Now that we are certain of just who John has been talking about, we can look at the attributes John mentions about Him, He was full of “grace and truth.” Notice the balance between those two; how many of us maintain that kind of balance between grace and truth when we are interacting with others? Some of us have a great deal of grace, so much so in fact, that we can overlook almost anything; we might even make the truth hard to find. Others are so strong on truth that we find ourselves pointing fingers at those around us, seldom displaying love or compassion or understanding.

Grace and Truth: Balance those two, and people will see God at work in our lives.

John’s text continues as he mentions that John the Baptist testified concerning Jesus in verse 15, and then in 16-18 gives his own testimony about Him.

Out of his fullness we have all received grace in place of grace already given. For the law was given through Moses; grace and truth came through Jesus Christ. No one has ever seen God, but the one and only Son, who is himself God and is in closest relationship with the Father, has made him known.

John 1:16-18

John’s first statement is about the abundance of grace that we have received through relationship with Christ. Then, John expands on his statement, pointing out that while the Law was “given” grace and truth “came.” I think that’s worthy of a little thought, for as John has structured this, the Law is a rather top-down thing; it is entirely transactional. The Law was handed down by God to Moses, an intermediary, and then from Moses to the people− the people could take it or leave it. They took it, and then for the most part, they left it; there was no relationship with Law, for Law just is. The result was that the very Law became their condemnation, not their salvation.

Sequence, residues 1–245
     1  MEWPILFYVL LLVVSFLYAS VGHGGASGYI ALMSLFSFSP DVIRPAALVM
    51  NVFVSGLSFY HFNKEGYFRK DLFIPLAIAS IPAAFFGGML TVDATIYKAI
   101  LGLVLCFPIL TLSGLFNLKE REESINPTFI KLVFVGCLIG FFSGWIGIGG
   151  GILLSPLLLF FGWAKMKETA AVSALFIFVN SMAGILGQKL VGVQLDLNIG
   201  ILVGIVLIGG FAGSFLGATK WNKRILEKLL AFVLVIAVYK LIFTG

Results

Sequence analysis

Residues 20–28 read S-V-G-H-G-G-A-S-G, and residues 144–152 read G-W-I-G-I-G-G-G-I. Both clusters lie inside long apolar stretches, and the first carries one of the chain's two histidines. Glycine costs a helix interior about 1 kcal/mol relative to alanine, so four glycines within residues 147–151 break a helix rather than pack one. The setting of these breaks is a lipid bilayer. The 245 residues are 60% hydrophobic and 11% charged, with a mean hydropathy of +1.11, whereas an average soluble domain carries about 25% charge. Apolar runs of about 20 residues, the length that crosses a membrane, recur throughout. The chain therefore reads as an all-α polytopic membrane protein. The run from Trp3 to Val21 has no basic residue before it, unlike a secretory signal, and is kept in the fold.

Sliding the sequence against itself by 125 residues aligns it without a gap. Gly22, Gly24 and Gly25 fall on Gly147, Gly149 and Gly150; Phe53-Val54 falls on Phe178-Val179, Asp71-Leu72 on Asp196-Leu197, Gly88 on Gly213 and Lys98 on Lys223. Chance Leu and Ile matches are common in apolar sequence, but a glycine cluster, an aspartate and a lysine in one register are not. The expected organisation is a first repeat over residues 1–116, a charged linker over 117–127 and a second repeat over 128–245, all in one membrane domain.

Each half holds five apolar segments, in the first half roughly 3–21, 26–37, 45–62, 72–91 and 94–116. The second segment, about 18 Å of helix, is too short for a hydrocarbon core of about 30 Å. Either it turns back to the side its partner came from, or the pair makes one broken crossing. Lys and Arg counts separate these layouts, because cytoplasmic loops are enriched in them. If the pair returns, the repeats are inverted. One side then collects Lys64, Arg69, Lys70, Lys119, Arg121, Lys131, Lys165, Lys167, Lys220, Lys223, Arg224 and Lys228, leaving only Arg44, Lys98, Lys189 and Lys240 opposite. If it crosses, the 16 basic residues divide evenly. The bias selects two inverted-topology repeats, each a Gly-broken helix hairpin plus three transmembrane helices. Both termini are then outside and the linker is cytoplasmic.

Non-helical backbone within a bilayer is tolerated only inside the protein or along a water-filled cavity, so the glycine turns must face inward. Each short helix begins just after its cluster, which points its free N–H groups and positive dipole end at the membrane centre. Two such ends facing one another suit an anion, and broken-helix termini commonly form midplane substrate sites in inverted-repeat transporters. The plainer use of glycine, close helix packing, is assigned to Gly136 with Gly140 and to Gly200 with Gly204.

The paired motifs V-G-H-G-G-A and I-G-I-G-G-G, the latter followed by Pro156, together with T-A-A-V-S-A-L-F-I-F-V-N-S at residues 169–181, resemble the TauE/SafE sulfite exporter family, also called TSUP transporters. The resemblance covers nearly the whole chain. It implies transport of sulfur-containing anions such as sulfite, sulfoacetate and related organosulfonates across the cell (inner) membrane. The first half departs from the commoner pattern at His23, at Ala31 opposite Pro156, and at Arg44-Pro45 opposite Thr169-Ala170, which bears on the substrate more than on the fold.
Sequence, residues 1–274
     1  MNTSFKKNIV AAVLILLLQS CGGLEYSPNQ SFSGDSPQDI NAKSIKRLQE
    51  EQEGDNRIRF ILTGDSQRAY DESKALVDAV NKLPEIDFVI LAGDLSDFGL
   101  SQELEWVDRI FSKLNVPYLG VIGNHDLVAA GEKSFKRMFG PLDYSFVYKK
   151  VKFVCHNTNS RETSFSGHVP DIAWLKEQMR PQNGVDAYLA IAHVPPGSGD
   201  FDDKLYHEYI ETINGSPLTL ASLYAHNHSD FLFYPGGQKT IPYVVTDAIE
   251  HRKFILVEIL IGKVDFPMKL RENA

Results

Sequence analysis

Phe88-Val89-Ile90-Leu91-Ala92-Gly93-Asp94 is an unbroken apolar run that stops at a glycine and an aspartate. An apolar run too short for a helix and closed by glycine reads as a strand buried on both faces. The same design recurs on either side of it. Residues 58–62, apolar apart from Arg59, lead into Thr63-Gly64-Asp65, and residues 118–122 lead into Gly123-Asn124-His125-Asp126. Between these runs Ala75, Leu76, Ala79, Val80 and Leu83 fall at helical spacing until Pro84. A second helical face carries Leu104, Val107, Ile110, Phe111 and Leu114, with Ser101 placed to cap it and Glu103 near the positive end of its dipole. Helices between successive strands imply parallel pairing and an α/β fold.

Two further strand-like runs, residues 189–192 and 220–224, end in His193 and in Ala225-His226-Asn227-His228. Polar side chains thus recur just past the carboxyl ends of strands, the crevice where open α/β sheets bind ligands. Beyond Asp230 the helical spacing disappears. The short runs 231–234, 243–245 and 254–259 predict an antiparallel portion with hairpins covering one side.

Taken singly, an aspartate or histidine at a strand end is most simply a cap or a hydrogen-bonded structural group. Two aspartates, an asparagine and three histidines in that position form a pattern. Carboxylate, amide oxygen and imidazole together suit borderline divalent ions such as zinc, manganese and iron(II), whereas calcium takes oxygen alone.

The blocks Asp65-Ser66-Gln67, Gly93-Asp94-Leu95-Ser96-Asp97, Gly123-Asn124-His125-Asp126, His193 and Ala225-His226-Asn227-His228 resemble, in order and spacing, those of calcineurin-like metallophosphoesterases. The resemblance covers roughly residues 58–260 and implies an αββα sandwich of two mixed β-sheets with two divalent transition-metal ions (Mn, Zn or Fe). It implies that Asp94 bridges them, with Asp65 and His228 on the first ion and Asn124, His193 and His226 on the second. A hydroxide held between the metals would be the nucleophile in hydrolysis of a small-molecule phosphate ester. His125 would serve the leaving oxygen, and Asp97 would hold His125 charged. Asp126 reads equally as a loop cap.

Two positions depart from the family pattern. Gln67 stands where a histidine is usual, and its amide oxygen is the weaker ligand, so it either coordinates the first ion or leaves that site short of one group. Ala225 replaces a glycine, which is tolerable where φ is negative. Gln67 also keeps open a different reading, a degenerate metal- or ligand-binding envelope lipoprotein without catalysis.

And then, grace and truth came to them…

Grace and truth came to them in a person; they could talk and laugh and cry and walk together; there is relationship with grace and truth, for grace and truth can become a part of who we are as human beings; there is no fear in grace and truth.

In the remainder of this text, John reveals to us that through Jesus, God can be known to Man, for Jesus is Himself God. Through Jesus, therefore, we can have relationship with God, the Creator of everything: Grace and Truth.

Would you like to know God?

Get  to know Jesus. Would you like to know Jesus?

Get to know the Word who became flesh and made His dwelling among us.

Honestly, this is really too simple for us to miss! Out of all the knowledge that has come to humanity over the ages, this is all we need to know to receive forgiveness and eternal life; grab onto it and hold on tight, never let it go…

Posted in Sunday Class Notes | Tagged , , , , , , | 2 Comments

Praise His Name

Posted in Christian living | Tagged , , , , , , , | Leave a comment